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Tax refunds, what is the risk that you owe IRD money if you do a tax return?

We have all heard stories about people getting into trouble with the IRD, and owing tax and penalty interest.  Some of the situations where this may happen include:

1. Setting up in business and not setting aside enough of your income to pay GST and tax.

2. Getting Working for Families paid on a regular basis, your income earns and pushes you into the next earning bracket and you end up getting paid too much.

3. Getting a pay rise and your employers PAYE system doesn't take the right amount out of your pay.

When our clients have tax deductible expenses (income protection insurance premiums, membership fees, investment portfolio monitoring fees) we encourage them to do a tax return, in the anticipation that there will be a tax refund.  This is a mechanical exercise where you follow through the instructions from IRD on your tax return.  Many of our clients have had money returned to them on an  annual basis.

But what if you get it wrong?  There was an interesting question and answer in the recent Mary Holm column in the NZ Herald that I thought it was worth bringing to your attention (read below).  Please note that we are NOT endorsing in any way the MyTax offering, we don't have any particular opinion on what they offer.  However, the discussion about what your obligations are in respect of filing a tax return are interesting.

Taxing situation

The proliferation of online tax refund companies has a sting in the tail. They state that 90 per cent of people get a tax refund. However, conversely, 10 per cent don't.

Two years ago I registered with I didn't receive a refund, instead I received a bill online and a demand from the IRD, which I paid.

I emailed and requested to be removed from its database. Unfortunately, it ignored this and meddled with my tax again.

Recently, I received from the IRD an overdue tax bill for $506.44 because I had not paid it by the deadline. I had no idea that I had another tax bill to pay as I had not received a statement from the IRD or

I rang the IRD which said this was happening more and more. They unlinked me to this company on the spot.

I have paid the full amount again and hope for a refund of the penalty charges. I have no understanding of why I owed the IRD anyway as I am just a regular PAYE employee.

Beware - it is difficult to untangle yourself from once registered with it. It meddles when requested to stop and you may end up owing money. I wish I had never heard of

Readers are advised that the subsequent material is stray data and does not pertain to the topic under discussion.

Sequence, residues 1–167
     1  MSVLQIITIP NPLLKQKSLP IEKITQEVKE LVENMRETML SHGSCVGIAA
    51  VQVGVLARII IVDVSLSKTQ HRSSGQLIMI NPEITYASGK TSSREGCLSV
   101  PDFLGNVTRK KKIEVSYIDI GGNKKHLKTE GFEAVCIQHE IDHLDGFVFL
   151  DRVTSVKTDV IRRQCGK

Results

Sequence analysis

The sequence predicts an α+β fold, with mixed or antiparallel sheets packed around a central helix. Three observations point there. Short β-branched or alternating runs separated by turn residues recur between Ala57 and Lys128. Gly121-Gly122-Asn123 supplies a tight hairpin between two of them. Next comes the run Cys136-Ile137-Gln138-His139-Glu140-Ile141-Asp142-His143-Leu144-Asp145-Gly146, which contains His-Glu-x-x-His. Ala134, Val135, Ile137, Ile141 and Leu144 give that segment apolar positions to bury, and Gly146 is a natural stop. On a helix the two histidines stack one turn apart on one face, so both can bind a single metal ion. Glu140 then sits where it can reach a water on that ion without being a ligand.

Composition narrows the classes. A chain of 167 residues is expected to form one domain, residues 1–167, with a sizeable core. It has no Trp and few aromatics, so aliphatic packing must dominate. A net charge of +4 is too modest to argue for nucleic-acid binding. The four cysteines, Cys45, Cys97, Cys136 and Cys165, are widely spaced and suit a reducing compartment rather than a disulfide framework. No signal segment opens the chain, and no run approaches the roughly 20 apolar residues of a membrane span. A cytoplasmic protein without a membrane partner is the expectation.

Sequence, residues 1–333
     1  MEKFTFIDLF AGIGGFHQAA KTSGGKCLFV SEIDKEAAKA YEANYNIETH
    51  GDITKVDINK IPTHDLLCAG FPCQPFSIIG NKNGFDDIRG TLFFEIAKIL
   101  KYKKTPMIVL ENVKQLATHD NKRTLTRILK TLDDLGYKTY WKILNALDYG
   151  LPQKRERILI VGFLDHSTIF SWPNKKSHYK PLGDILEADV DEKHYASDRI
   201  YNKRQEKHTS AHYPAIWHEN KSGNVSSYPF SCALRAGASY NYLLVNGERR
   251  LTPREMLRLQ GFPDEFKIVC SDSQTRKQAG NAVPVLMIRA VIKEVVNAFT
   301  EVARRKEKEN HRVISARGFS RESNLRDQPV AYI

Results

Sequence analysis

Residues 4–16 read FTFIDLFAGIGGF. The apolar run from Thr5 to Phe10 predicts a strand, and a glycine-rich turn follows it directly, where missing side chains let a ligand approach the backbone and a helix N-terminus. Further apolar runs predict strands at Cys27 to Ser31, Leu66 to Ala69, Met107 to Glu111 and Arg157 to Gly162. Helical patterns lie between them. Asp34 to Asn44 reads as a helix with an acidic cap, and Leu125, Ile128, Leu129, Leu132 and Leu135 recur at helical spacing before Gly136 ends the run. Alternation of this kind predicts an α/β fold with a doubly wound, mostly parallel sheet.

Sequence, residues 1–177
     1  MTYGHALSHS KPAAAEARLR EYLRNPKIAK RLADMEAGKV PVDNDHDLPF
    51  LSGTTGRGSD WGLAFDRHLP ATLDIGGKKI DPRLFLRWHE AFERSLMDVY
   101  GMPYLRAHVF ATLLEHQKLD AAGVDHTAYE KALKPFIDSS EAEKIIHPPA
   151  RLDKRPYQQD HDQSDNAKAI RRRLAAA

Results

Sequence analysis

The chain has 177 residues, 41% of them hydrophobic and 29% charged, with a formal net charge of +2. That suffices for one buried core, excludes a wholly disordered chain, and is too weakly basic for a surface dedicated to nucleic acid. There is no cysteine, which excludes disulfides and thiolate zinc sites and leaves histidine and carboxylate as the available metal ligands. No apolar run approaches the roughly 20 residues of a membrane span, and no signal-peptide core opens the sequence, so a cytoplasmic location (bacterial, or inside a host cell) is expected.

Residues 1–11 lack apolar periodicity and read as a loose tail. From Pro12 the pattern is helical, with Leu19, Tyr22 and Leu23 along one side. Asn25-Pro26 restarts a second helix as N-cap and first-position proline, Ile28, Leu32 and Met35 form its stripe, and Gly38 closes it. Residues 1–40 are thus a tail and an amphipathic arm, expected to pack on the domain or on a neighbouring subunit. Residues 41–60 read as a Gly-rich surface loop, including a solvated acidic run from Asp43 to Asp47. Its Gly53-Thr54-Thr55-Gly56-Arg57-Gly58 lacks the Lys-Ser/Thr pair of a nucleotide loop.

All is apparently not as it seems here.

"The people that don't get a refund through us do not end up having to pay tax to IRD," says Lester Binns, chief executive of MyTax.

"To create a tax bill at IRD two things must happen. First you must underpay tax for the financial year. Second a personal tax summary (PTS) needs to be requested or selected for that year to turn that underpaid tax into an actual bill. A tax agency such as will only request a PTS for years where tax is overpaid and therefore a refund is due," he says.

So how come you got a tax bill? To clarify that, you gave me permission to give your name to Binns. Here's his response:

"In this person's case she was part of a yearly function that IRD runs called the 'Select'. With this function IRD automatically selects 400,000 to 500,000 taxpayers each year and requests a PTS for them."

People who are automatically selected include those who received Working for Families tax credits or used the wrong tax code or a special tax code. For more on this, go to

Adds Binns: "Unfortunately in this case her employer hadn't deducted enough PAYE over the year and the IRD sent her a bill.

"Being part of the Select is something a tax agent cannot influence, and it is distressing for anyone to receive a bill from IRD out of the blue. The client can confirm this directly with IRD if she wishes, so she knows what has taken place."

Binns adds that he's "really sorry we let this client down. While MyTax didn't create the debt in question, it is clear she didn't receive sufficient information about why IRD created the debt. We did inform the client about the debt promptly but we should have followed up at the due date to remind the client of the payment deadline."

He denies that it's hard to get off's database. "Anyone who asks to withdraw from us is done so immediately and is now also automatically delinked. If you are worried your tax agent has not delinked you on your request, a call to IRD will be able to confirm the delinking or action it for you."

An Inland Revenue spokesperson confirms this.

Inland Revenue adds that it offers a free do-it-yourself online alternative to services such as "where you can quickly work out for yourself if you qualify for a tax refund".

You need to register with myIR to do this, on the top right side of the homepage of

"If your calculation shows you are due a refund you can request a personal tax summary (PTS), and once confirmed you'll receive your full tax refund within five working days," says the spokesperson.

If, instead, your calculation shows that you owe tax, you don't have to pay unless you request a PTS or are selected for a PTS. Inland Revenue says it doesn't "capture the information the customer enters into the calculator".

Another option is to check that your employer is deducting the correct amount of PAYE from each pay. You can do this by using the PAYE/KiwiSaver deductions calculator at

If you have any thoughts or opinions that you would like to share, visit us at our Twitter, Facebook or Linked In pages, and comment.


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